Family Travel: "Baby Discrimination"
Karl Neuman, M.D.
Fasten your seatbelts – family air travel is heading for turbulence. Children are becoming persona non grata in the supposedly friendly skies.
London’s Daily Mail reports that several major airlines are considering child-free sections on aircraft and child-free flights. The Wall Street Journal asks, “Will new airline seating proposals create “baby ghettos” in the back of planes?” Blogs talk about families being seated separately, sometimes leaving small children in middle seats among strangers, unless parents succeed in convincing passengers to swap seats – and middle seats are difficult to swap. Airline personnel may or may not assist in “seat swapping diplomacy.”
(Will infants have to stand up for their civil rights in Occupy Wall Street-type protests? Of course, literally, infants cannot stand up. But they can raise their heads and wail to make their wills known. Will hordes of infants crawl into airports, creep beneath the crowds, and lie down blocking ticket counters and security check points? Will police dare to interfere?)
Here is what is happening:
Airlines are flying low financially. Ever-increasing operating costs are shrinking profits. Some airlines are in bankruptcy. To increase revenue, they are scheduling fewer flights and eliminating scores of amenities, many of which affect families.
Getting your family seated together is becoming a hassle. Fewer flights mean fewer available empty seats, giving reservation agents (or computers) less flexibility to find seats together. Worse, confirmed reservations can become void when sparsely filled planes are cancelled, sometimes days before flights. Passengers are then placed on other flights, ones already partially filled, and sometimes with different seat configurations, leaving few blocks of seats for families.
Family amenities are being curtailed. Amenities cost airlines money. Cost saving measures already instituted on domestic U.S. flights include: discontinuing checking heavy, non-collapsible strollers at the gate; removing microwave ovens (no longer needed since there is no hot food service) making bottle heating problematic; not storing milk; requiring parents to bring birth certificates to prove that a lap child is really younger than 2 years of age. And don’t count on pillows, blankets and snacks.
Families may no longer board first. Several major airlines have discontinued this practice. One airline charges $10 a person to guarantee a spot in the first boarding group in coach. Family boarding now comes after first class and frequent fliers. The reasons given: parents and kids lugging car seats, diaper bags, videogames and other large toys clog the aisles and delay general boarding.
Baggage allowances have been reduced. Don’t count on airline personnel to look the other way when you lug children’s travel paraphernalia aboard. Most airlines allow one or two items considered hand baggage, strictly enforce the rules, and charge hefty fees if more are carried.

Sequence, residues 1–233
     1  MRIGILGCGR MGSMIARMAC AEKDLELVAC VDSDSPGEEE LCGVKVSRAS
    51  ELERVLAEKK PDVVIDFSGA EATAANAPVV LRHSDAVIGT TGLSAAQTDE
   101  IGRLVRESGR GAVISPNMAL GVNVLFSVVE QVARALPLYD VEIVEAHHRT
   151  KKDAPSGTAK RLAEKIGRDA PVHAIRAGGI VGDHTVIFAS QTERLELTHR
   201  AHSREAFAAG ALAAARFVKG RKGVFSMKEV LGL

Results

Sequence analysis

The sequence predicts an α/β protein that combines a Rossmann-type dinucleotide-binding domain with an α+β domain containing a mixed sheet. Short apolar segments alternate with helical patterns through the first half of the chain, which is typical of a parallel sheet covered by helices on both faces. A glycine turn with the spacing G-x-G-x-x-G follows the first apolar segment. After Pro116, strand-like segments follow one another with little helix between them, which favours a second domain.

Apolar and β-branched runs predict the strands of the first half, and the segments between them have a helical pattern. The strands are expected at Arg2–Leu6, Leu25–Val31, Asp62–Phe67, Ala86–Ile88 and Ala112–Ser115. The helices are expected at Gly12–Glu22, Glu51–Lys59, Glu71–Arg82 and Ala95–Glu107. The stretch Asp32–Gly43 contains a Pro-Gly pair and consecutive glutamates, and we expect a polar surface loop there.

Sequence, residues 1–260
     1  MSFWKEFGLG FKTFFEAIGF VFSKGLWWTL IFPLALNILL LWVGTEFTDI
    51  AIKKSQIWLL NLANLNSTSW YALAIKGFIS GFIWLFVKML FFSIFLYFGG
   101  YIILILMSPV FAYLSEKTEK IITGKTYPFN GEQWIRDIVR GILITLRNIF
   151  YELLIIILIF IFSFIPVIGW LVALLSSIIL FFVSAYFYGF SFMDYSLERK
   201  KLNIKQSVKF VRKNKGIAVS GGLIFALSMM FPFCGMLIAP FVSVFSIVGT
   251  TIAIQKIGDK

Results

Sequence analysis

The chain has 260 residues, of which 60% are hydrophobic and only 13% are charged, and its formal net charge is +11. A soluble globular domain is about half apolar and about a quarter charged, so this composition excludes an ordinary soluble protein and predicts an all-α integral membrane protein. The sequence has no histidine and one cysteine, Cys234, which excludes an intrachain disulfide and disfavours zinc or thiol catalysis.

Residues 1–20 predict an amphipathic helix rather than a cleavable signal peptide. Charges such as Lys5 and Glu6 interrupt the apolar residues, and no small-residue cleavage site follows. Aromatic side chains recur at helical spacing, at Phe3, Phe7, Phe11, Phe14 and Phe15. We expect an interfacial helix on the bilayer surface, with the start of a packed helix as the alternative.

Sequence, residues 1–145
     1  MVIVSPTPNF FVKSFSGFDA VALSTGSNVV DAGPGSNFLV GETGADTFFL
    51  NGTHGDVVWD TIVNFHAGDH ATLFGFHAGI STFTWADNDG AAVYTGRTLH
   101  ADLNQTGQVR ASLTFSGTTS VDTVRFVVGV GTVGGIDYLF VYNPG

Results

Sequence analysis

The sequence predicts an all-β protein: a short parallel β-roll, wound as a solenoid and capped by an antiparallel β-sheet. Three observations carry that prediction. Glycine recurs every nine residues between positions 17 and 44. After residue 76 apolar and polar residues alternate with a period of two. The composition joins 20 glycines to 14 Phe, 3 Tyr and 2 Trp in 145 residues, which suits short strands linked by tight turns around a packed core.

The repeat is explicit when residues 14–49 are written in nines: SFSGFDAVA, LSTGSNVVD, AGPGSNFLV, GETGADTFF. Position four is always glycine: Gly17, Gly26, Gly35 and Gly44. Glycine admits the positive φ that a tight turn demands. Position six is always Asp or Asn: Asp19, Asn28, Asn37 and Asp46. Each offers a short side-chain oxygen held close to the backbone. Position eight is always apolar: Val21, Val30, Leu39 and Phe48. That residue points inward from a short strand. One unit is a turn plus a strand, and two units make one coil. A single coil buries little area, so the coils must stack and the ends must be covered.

Choice seats are no longer available for families. Bulkhead seats at the front of coach cabins have space for airline cribs and for tending to infants. But many airlines now charge extra for such seats and reserve them for frequent flyers, people with disabilities and VIPs.
Make family reservations early and check on them frequently. Call ahead and ask whether the amenities you expect are available. If not, plan accordingly. If you can afford it, pay extra for bulkhead seats. U.S. airlines are more child-friendly on their overseas flights than on domestic flights. This is to compete with foreign airlines which tend to be very child- friendly.
Business travelers are behind the movement to segregate children. Surveys of such travelers show that about 75% believe that children on planes are “irritating.” Business travelers fly frequently, do their work in flight, and request (sometimes, demand) seats away from children. And they have clout with the airlines. “Flights through hell” is how some describe long flights sitting near screaming infants or in front of a toddler who continuously kicks or pulls on that seat. An Australian airline recently settled a lawsuit by a passenger who said a screaming child caused her to lose some of her hearing.
Parents are often unfairly blamed for unruly children.While some parents are oblivious to their misbehaving children, in fact, even well intentioned parents have limited means to soothe crying infants and calm rambunctious toddlers. Air travel subjects young children to disrupted eating and sleeping schedules, limited and uncomfortable space, unfamiliar surroundings, and perhaps ear or stomach discomfort. Parents should set rules for their children and enforce them as best as they can, and carry plenty of snacks and games. Sedating children is not recommended.
Will airlines implement child-free sections and child-free flights? One major Asian airline already bars children from first class, and perhaps other airlines will also do so. But, likely, segregation in economy class, where most families sit, won’t “fly,” and raises questions. If family sections are full and seats available elsewhere, would families be barred from that flight? Must families with well-behaved children sit in the family section? Will adults traveling alone accept seats near children? Will soundproof partitions and separate toilets have to be installed to contain/accommodate children?
For more information about keeping kids healthy and safe for travel and outdoor activities, please go to kidstraveldoc.com.